What Are The Risks Of Interim Contracting?
The other side of the coin is uncertainty and lack of security. As an interim actuary there are:
- No guarantees that a new contract role, in the right location, will be available at the right time.
- Mountains of paperwork created from running a Limited Company
- Constant changes in contracting legislation
- Benefits like company car or a pension scheme are self funded
For most actuaries, the main concern around contracting is stepping off a promotion and progression ladder which can then be a barrier to returning to the permanent market.
For others, the prospect of being away from their home and family during the week is too much. Contracting can offer you more flexibility but that in turn requires you to be more flexible. Roles can come up all over the UK or abroad, so being comfortable with following work wherever it appears is important.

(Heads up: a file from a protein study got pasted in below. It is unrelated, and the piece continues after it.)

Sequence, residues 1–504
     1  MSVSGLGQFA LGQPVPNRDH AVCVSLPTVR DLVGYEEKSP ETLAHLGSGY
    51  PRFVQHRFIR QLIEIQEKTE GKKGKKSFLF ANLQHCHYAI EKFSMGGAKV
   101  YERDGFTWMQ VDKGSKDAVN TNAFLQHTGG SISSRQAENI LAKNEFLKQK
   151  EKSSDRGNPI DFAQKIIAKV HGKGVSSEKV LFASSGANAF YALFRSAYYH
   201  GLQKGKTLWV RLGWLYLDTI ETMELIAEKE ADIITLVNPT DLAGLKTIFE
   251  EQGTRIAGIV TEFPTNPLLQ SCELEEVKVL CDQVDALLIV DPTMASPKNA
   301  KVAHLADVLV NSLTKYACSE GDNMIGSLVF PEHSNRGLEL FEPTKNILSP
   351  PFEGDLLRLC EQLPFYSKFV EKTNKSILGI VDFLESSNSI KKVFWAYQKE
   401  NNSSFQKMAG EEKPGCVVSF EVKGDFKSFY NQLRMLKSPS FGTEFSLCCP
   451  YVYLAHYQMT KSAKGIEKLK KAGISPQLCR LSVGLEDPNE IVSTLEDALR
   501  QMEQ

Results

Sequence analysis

The early days of contracting can also be nerve wracking, with no guarantee that you will be able to secure consecutive contracts without stints ‘on the bench’. That in itself can make contracting stressful. As a contractor you are an easily disposable asset to a business, which naturally puts you under more pressure to perform than permanent employees might feel. When you do get a break between jobs, there’s no certainty when the next job will come along so time off isn’t always as relaxing as it might first appear!